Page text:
Are you in the mood for a dance?
Abba: Super Troupers is at the Southbank Centre, London SE1, until 29 April 2018


Money Pitfalls: How To Avoid Wasting Cash On Holiday

Chances are your relationship with your bank account is feeling a little strained at the moment. There was the expensive December month and you might have booked a flight or two when you panicked during your first week back in the office. Now you’ve got a few months to go and save up, but have you considered the money you might waste while on holiday? Here are some tips to avoid financial heartache I made so you don’t have to. You are welcome.

  • Not packing strategically can cost you quite a bit of money. Not only in terms of exceeding the weight allowance…but how many times have you forgotten your toothbrush? Not to mention all the  full size products you by accidently packed and had to hand in and repurchase again. So make sure that you write down a packing list and double check.
  • Saving yourself £30 and flying with a budget airline to a smaller airport can feel like you just entered the wonder world of Extreme Couponing, but then you find out it takes 2 hours and £50 to get to the city from that small airport. So always compare how much it will cost you to get to from main as well as the regional airport to your destination. It might be dull, but worth it in the end.
  • Spontaneous decisions can end up fun, but could also end up costing you a lot, so you might want to look into planning your activities ahead of the trip. The train tickets for that day trip you planned might end up being the same amount for as it would have cost you to fly to your holiday destination.
  • Money exchange costs, especially at airports are a massive money trap and you should never ever change currency at an airport. Check online for the best deals in your country or use your card to withdraw cash when you arrive.
  • But before you do that do check how much your bank charges you for paying/withdrawing abroad .The first time I went abroad with my UK card I found out I paid over £30 for card charges! With that money I could have bought a one way ticket to Paris.
  • Not reading the fine print. So forgetting to check in or finding out your suitcase is literally 2 mm too big for the budget airline and you end up paying an additional £60. And you know what? You are the only to blame so next time listen to your mom when she asks you if the suitcase isn’t too big, they have a special extra sense for this.
  • Not making use of your hostel/Ar BnB kitchen can cost you a lot. Ok, true … in some countries it can actually be cheaper to go out, but your first stop should the supermarket. There you can explore and stock up on goods you can’t find at home. It doesn’t have to be a 4 course meal, but get your baguette and cheese for breakfast and invest what you save in an extra drink that evening – or invest it in something more useful.
  • It’s fun when you mix up the exchange rate and everything is CHEAPER than you thought, but it’s not too great when it happens the other way round. I remember in Latvia everything seemed super super cheap until I realised I mixed the exchange rate up and in the 48 hours I spend there costed way more than it should have been. It’s 2018 and there are apps for this so no more excuses.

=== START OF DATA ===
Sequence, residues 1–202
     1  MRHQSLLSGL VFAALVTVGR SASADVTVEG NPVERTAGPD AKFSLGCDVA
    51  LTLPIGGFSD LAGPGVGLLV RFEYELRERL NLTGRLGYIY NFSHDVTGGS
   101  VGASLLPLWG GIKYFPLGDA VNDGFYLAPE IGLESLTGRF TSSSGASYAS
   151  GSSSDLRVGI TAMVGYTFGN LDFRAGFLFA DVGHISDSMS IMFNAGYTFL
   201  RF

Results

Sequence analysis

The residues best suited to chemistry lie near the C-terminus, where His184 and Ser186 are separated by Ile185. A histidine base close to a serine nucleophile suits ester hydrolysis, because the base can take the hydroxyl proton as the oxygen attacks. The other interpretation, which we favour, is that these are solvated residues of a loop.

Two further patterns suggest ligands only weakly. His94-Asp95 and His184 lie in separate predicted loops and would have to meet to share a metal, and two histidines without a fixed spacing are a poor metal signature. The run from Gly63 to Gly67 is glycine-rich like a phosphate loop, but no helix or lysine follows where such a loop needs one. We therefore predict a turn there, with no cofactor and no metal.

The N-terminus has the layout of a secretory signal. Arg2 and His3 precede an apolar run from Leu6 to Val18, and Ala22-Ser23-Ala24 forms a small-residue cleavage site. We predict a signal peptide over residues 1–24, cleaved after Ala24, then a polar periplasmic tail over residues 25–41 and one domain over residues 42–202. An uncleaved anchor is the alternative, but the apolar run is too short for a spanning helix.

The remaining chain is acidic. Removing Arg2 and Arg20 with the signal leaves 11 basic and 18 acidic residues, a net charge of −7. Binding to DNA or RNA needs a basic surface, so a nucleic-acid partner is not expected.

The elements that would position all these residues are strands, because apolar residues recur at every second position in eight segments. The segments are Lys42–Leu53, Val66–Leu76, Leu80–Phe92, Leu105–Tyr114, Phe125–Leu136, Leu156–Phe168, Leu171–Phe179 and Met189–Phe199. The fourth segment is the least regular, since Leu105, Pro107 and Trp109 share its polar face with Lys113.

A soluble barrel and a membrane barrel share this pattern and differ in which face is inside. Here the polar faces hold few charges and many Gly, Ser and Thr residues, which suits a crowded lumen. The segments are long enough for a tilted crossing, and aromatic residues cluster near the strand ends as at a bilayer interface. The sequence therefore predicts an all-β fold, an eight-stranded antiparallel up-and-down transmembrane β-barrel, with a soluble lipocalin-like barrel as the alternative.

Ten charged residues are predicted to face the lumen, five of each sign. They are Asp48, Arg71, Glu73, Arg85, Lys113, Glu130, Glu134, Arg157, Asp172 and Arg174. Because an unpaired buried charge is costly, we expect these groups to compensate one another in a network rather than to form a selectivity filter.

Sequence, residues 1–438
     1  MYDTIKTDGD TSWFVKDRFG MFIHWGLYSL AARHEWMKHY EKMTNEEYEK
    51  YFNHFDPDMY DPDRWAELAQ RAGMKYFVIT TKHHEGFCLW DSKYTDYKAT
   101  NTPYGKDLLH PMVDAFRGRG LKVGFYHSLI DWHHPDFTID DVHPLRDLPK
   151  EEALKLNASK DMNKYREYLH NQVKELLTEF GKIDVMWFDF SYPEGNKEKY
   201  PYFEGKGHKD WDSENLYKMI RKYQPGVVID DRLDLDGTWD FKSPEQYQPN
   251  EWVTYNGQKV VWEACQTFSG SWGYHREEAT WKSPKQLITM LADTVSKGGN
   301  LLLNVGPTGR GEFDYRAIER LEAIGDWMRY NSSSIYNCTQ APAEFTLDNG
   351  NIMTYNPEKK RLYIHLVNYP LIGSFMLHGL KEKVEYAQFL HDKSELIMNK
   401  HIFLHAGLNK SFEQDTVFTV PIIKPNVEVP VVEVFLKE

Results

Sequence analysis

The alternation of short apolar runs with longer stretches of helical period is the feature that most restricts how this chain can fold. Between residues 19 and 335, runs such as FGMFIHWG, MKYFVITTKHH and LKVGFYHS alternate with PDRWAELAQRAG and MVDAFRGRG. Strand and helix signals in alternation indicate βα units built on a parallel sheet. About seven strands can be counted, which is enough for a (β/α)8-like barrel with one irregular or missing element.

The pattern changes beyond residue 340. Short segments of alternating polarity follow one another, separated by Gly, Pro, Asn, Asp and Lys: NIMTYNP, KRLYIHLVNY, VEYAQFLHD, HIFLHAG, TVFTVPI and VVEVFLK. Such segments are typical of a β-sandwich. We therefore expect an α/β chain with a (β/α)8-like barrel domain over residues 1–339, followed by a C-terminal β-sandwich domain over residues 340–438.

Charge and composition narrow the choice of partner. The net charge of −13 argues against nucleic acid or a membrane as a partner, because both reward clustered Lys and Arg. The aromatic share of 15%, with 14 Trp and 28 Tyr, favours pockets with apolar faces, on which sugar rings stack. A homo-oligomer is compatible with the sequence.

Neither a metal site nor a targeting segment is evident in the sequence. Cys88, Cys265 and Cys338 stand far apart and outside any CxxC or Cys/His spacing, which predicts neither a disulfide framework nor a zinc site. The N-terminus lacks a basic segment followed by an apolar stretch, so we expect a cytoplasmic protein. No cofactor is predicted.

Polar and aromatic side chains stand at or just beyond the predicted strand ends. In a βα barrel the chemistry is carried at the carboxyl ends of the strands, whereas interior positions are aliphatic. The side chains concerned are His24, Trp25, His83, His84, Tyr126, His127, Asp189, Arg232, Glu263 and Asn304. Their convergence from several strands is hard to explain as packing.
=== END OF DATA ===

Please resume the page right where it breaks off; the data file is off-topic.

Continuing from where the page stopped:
How much have you wasted during your last holiday?


Visiting the Victoria & Albert Museum: Then vs Now

I must admit my first encounter with the Victoria & Albert Museum was far from perfect. My original impression 8/9 years ago was something in the lines of …

1. The name?! This was before the Young Victoria and for someone who didn’t know much about the monarchy it just sounded like  a place dedicated to people named Vicky and Al? Stuff should say what it does.. like…umm..the Horniman Museum (insert cheeky monkey emoji here)

2. It’s neighbours are the Natural History Museum and the Science Museum – it’s guess it’s like the unloved and under-shadowed sibling that’s kept in the attic.

3. When I visited one of the main collections I got lost and ended up in the ‘Fences’ section – yep, old bits of metal from across the ages – not even a white picket option was there – though they did have some gates … sadly they didn’t lead to the escape exit !

4. Speaking of exits I quickly escaped to its gardens – which are pretty chilled, not on weekends though.

5. Fences!!! I really can’t stop thinking about them – a major museum in one of the major world cities and it’s got fences. Apologies to the fence lovers out there – maybe you can educate me one day.

I recently returned to give it another shot – people deserve a second chance so why shouldn’t museums – and though it’s a bit of a confused mess of stuff – I went away not too unhappy.

1. The fences were gone – hooray – maybe they are now happily in the National Fence Museum.

2. My highlights were some fun renaissance artefacts and a few rooms set up to show how people, well rich/famous people, lived. The medieval stuff was good but sadly as you go back it’s heavily religious focused – as those priests were good at storing their expensive stuff – the peasants were all ‘minimalist living’ and recycled everything obviously. The other exhibits (Asian art, materials, etc) were well documented but again – a tad stuffy – despite the “fun facts and questions “ they included on some descriptions.

3. It’s still a bit of a maze – even with a clear map the individual collections are split across several floors – not very helpful, unless you’re up for a bit of orienteering – then this might be for you! And what’s with the super dim lights?

4. There’s a few places to try on clothes/armour/accessories – but they feel a bit unloved and out of place as it has a bit of a stuffy vibe and great aunt’s closet smell.

5. Lastly I must tip my hat to the place for getting me so excited to see some Dutch places represented among many UK/French/German – so much so I kinda shouted “I’ve been there!!” much to the surprise of the staff. And also – so much love for all the exhibits and mentions on me – well on Tea! It’s truly a timeless wonder and elixer of life.

PS. Here’s a photo of a painting of a dog stealing a slipper and it may well be the best thing ever.